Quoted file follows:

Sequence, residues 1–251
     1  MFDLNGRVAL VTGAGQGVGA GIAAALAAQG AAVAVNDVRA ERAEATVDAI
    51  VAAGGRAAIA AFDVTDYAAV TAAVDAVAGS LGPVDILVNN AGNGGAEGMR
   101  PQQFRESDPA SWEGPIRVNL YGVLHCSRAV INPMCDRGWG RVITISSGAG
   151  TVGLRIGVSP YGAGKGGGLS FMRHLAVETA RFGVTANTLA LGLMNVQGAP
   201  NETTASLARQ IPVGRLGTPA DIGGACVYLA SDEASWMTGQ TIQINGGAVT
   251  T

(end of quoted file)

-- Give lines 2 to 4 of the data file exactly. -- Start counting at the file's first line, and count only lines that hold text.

     1  MFDLNGRVAL VTGAGQGVGA GIAAALAAQG AAVAVNDVRA ERAEATVDAI
    51  VAAGGRAAIA AFDVTDYAAV TAAVDAVAGS LGPVDILVNN AGNGGAEGMR
   101  PQQFRESDPA SWEGPIRVNL YGVLHCSRAV INPMCDRGWG RVITISSGAG